Description: On April 16, 1823, "sundry of the inhabitants of the town of Lisle met... for the purpose of forming a society to be known by the name of the Second Congregational Society..." This manuscript record book, written in from 1840 to 1884, was passed from Society clerk to Society clerk over the years; it begins with a copy of the Society's formation document, as recorded in the book of Broome County Special Records on May 20, 1823. The Town of Triangle was formed from the Town of Lisle in 1831, and the name of the Society was clearly changed to reflect that, although that name change is not detailed here.
There are minutes of all the annual meetings from 1840 to 1884, and of several special meetings scattered between. The style and length of the entries varies depending on who was clerk each year, but each generally includes a note that the moderator (usually the pastor/minister) opened the meeting with a prayer, and records the names of any Trustees who were elected for three-year terms (or to fill a partial term, and the clerk who was elected for a one-year term. Any discussion of finances, fundraising, the hiring and releasing of pastors/ministers, and maintenance of the church and parsonage were often recorded as well, in varying levels of detail (mid-century clerk John Moss had one of the more detailed and conversational styles, including the wry note, "...the Society learned a lesson against running in debt, which perhaps we may be wise enough to remember." -- Later entries suggest the lesson unfortunately required some re-learning.) Also included in the book are a couple of lists of members of the Society over the years.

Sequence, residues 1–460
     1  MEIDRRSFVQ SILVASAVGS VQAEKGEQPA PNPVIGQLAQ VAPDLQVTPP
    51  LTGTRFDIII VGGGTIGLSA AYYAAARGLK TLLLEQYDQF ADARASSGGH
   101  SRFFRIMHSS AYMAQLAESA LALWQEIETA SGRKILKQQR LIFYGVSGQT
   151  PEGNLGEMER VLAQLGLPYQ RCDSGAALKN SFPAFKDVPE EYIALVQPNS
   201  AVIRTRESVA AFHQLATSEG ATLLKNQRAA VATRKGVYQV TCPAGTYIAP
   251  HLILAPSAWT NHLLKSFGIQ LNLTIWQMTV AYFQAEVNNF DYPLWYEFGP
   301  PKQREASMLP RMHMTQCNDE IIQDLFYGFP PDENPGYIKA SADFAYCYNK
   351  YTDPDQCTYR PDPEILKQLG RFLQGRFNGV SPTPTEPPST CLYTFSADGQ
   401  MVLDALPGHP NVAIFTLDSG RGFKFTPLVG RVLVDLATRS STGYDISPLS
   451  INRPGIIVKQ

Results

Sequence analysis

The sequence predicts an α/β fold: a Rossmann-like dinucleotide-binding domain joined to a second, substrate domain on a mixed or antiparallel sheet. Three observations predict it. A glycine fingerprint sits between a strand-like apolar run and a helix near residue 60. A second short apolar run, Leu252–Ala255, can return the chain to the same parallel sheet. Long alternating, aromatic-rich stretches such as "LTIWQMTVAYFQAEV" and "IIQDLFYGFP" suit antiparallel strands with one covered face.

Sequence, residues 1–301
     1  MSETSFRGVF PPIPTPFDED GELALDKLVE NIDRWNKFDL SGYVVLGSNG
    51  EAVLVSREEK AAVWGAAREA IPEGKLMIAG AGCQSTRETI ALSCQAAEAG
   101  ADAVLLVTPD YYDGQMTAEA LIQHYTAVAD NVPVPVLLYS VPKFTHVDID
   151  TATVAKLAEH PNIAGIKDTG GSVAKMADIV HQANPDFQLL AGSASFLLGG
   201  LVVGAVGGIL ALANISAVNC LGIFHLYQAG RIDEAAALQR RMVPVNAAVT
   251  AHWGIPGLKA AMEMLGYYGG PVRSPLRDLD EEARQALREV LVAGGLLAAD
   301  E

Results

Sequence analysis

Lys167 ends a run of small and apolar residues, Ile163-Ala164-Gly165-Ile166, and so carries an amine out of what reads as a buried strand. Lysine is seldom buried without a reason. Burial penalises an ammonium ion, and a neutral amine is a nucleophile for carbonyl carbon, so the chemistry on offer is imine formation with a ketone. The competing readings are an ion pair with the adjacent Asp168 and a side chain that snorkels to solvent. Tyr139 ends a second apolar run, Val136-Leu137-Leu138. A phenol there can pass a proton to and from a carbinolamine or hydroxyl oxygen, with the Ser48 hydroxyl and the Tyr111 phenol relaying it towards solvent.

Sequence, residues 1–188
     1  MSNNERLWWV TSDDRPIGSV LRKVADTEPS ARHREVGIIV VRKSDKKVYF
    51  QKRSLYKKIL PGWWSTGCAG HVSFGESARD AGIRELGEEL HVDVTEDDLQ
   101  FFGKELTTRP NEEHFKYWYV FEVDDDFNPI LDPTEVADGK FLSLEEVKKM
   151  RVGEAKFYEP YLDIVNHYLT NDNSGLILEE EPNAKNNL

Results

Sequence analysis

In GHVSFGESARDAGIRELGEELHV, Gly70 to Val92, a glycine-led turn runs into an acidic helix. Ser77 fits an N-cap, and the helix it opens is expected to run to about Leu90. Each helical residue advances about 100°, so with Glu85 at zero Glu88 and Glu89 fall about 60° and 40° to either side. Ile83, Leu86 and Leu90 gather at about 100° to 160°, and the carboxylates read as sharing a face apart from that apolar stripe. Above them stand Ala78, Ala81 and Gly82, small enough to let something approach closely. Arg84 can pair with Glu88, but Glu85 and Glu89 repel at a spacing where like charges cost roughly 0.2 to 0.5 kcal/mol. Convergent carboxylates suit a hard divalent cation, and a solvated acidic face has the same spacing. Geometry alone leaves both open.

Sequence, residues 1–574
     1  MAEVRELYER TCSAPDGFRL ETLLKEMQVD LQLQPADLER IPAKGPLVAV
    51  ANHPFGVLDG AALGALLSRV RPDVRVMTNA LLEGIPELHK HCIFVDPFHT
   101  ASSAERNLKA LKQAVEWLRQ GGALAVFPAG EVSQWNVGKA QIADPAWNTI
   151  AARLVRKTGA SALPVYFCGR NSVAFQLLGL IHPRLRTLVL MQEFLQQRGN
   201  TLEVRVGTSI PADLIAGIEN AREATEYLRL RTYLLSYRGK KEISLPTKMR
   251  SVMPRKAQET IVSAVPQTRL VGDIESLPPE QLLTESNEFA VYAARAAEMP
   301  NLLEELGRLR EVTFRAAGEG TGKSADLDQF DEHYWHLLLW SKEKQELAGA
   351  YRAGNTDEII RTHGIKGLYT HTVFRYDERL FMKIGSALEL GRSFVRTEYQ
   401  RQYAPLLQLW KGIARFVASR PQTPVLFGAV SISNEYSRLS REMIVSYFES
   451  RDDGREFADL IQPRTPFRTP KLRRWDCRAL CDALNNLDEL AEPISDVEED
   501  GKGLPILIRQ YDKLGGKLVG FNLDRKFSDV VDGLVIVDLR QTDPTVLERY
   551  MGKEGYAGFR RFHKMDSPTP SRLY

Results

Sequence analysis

A bound account book, "manufactured and sold by Williams & Hunt, Oxford, NY, 1832," this record book has blue boards, inked with printed advertising for the manufacturer, and a red-brown leather spine; the interior pages are lightly ruled, in traditional blue and pink. Octavo (measures approximately 8" x 6.4"). Item #AM00192.
Condition: Boards are worn, especially at the extremities.The interior hinges are cracked and the first two pages are hanging by a thread, but the rest of the text block is otherwise sound. There is some soil and staining, as well as toning near the edges of the pages. In good condition overall, and provides a quality record of the administration of a religious society in 19th century New York.